Mystery Books for Sale

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by James Sallis
Walker & Co., June 2000
196 pages
ISBN: 0802775810

Buy in the UK | Buy in Canada

This is not much of a mystery novel. It's a helluva book, but I didn't find too much crime-solving in it. There are puzzles, but they take a back seat to the story itself. Read it for that alone.

Lew Griffin, a novelist and college professor in New Orleans, has learned that his son is dead. As he absorbs this information, he is called by someone from the local hospital emergency room. An unidentified man lies in the hospital, carrying one of Griffin's books. It's inscribed to David, Griffin's son. 

The man insists that he is Lew Griffin, and that would be a fascinating tale but it gets left by the wayside in Griffin's life. He leaves the hospital, and Griffin, instead gets involved in other matters.

Sallis is a very talented writer; I read this book in part mindful that some friends whose taste I trust rave about Sallis. He is a writer with rich metaphor, wonderful vocabulary and heart. He's not exactly linear, which I had problems with: it's annoying to realize as you read a book that you just wanna know what happens next, but I found myself thinking that several times while reading Eye of the Cricket and feeling very unsophisticated.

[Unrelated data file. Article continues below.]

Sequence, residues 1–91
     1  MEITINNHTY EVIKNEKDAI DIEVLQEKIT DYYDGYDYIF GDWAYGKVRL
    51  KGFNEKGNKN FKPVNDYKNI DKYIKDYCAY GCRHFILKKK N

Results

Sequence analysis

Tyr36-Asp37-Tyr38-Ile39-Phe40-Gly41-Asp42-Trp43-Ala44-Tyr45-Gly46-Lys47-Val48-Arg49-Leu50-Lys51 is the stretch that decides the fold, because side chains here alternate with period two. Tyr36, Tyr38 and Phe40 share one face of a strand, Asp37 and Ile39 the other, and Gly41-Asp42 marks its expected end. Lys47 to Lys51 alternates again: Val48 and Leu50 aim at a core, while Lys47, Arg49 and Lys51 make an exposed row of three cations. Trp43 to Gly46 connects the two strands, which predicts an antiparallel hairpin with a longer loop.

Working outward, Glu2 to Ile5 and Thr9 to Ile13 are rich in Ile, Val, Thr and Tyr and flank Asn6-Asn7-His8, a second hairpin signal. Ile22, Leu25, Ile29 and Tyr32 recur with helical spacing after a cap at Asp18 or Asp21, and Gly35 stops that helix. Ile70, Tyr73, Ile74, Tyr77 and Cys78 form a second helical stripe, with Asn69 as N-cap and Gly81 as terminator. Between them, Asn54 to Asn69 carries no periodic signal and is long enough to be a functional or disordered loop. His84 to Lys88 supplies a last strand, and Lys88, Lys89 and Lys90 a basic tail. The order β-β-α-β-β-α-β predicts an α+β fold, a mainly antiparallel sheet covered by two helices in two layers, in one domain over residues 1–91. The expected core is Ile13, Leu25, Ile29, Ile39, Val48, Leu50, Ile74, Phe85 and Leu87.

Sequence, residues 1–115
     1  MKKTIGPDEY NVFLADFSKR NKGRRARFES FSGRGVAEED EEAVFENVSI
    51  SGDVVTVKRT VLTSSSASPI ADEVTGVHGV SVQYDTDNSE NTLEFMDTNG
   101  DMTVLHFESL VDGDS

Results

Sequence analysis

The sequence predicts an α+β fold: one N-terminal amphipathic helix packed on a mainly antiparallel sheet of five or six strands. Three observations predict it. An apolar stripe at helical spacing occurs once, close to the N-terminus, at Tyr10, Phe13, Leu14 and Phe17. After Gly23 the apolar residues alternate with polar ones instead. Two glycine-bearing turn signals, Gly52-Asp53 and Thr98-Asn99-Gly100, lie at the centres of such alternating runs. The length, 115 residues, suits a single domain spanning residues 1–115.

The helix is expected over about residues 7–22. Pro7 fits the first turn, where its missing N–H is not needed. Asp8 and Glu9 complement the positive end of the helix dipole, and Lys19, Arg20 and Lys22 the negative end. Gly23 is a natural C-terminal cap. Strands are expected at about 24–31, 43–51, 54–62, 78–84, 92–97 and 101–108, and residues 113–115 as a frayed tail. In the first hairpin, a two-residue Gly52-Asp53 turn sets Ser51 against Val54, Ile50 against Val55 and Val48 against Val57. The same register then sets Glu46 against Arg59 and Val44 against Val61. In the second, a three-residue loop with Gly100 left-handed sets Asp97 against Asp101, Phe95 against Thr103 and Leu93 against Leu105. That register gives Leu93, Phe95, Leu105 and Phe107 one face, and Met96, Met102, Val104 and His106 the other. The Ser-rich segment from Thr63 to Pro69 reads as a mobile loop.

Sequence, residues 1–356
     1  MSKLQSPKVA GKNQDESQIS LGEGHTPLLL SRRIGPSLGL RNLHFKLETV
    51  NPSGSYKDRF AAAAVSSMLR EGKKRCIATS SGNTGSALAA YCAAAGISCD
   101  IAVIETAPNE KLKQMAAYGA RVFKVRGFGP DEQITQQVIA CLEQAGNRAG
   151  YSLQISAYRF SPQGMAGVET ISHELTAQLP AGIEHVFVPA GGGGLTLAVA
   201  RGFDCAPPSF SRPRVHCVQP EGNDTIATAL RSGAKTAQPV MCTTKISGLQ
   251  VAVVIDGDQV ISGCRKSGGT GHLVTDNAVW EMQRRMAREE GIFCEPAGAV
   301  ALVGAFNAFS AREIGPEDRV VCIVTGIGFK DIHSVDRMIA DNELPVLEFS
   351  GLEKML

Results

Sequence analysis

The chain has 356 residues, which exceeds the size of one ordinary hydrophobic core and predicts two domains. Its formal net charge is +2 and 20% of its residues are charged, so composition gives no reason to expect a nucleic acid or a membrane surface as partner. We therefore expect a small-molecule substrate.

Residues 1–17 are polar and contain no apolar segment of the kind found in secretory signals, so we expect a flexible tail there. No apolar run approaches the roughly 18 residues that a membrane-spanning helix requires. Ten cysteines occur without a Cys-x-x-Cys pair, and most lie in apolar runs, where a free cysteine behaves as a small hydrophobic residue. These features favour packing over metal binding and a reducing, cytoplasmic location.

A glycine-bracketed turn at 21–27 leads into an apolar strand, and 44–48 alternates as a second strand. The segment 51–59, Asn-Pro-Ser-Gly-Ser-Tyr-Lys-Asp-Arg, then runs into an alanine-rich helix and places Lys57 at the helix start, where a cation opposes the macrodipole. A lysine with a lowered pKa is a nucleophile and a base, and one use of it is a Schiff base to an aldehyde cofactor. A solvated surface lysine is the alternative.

The story of David Griffin does get resolved by the end of the book, as do the other stories - the crooks who are terrorizing Lew's neighborhood, what has happened to his friend's son. It's a thin story, but a rich book, if that makes sense. I often am frustrated when someone complains that mystery is not literature; this book is an example of the elegant writing one can find in crime fiction. I just wish there had been a little more meaty story, perhaps a bit more crime in the book. when it was over, I kept looking around for more.

Reviewed by Andi Shechter, June 2000

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Contact: Yvonne Klein (ymk@reviewingtheevidence.com)

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